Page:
2. Session Restore & document.write
    Assume an HTTPS page loads an HTTP script that invokes a document.write that replaces the current page’s content.  If the browser is shut down and later the session is restored, the user will see the content from the document.write that replaced the original webpage.  This would be okay, except that instead of showing the yellow warning triangle, Firefox 23 shows a lock.  This is inaccurate, because the page’s new content was created by an HTTP script and hence cannot be considered fully encrypted.  The work to fix this issue can be found in Bug 815345.
  3. Object Subrequests
    Assume that an HTTPS page loads an HTTPS object in a plugin.  That object may then request further resources through the plugin.  The requests made by the plugin are considered the object’s subrequests.  Since the requests are made by a plugin and not by the browser, it is very difficult for the browser to determine whether the HTTP subrequests should be considered Mixed Active or Mixed Passive.  Without help from plugin vendors, browsers cannot accurately determine this classification.  To prevent false positives and security warning fatigue, Firefox (and Chrome) have classified HTTP object subrequests as Mixed Passive Content.  This means that we do have false negatives, where the content is actually active and should be blocked, but isn’t.
    The solution to these false negatives is still under discussion.  Take a look at Bug 836352 and chime in if you have some suggestions!
  4. Relying on HSTS to prevent Mixed Content
    Websites can specify an HSTS header that tells browsers to only connect to them over a secure connection.  Assume sets this header (and for simplicity sake, assume is not on the HSTS preload list).  A developer, relying on HSTS, includes HTTP content from on
    Firefox will convert the link to an link before making the network request.  Hence, technically, the user’s security is never affected.
    Currently, the Mixed Content Blocker will detect the link before it is converted to HTTPS by HSTS and classify the content as mixed content.  I believe this is fine.  Relying on HSTS to protect websites from mixed content loads is bad practice, for the following reasons.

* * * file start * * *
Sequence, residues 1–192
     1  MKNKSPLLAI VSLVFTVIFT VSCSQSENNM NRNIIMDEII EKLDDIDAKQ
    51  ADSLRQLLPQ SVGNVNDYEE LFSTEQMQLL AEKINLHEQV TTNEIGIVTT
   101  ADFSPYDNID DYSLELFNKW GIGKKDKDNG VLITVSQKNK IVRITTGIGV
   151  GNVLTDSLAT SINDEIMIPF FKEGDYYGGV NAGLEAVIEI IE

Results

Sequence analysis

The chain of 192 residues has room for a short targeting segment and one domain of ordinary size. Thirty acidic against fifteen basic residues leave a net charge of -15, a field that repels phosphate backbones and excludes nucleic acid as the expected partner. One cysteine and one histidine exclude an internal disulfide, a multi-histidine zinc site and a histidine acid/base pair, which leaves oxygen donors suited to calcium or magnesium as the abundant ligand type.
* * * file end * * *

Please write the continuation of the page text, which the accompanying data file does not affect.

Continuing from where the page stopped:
• If this is the first time the user has loaded content from, the content will be loaded over HTTP since the browser has not yet received and HSTS header from
    • For browsers that do not have HSTS implemented (ex: Internet Explorer), will have mixed content, since the request for content from is never converted to an HTTPS request.

    Perhaps you disagree?  Express your thoughts in Bug 838395

  5. Mixed Content in Framed Pages
    Assume includes an iframe to https://bank.com contains Mixed Active Content that Firefox blocks.  The user has a choice to “Disable Protection on This Page” and load the Mixed Active  Content on  As we mentioned earlier, most users don’t know what frames are.  The user see’s that they are on and can decide to load the mixed content on by clicking “Disable Protection on This Page”.  To the user, “This Page” is, but in actuality, the result is that protection is disabled on
    Bug 826599 discusses whether users should even have an option to disable protection on HTTPS frames.  The bug is to remove the UI to Disable Protection if the mixed content is coming from an HTTPS frame with a different domain than the top level domain.  What do you think about this?

In addition to the items listed above, there are also many other issues remaining to improve the Mixed Content Blocker.  You can see here for a list of items and corresponding bug numbers. (collected)

Analysis of the JavaScript Module pattern: In-Depth

The module pattern is a common JavaScript coding pattern. It’s generally well understood, but there are a number of advanced uses that have not gotten a lot of attention. In this article, I’ll review the basics and cover some truly remarkable advanced topics, including one which I think is original.

The Basics

We’ll start out with a simple overview of the module pattern, which has been well-known since Eric Miraglia (of YUI) first blogged about it three years ago. If you’re already familiar with the module pattern, feel free to skip ahead to “Advanced Patterns”.

Anonymous Closures

This is the fundamental construct that makes it all possible, and really is the single best feature of JavaScript. We’ll simply create an anonymous function, and execute it immediately. All of the code that runs inside the function lives in a closure, which provides privacy and state throughout the lifetime of our application.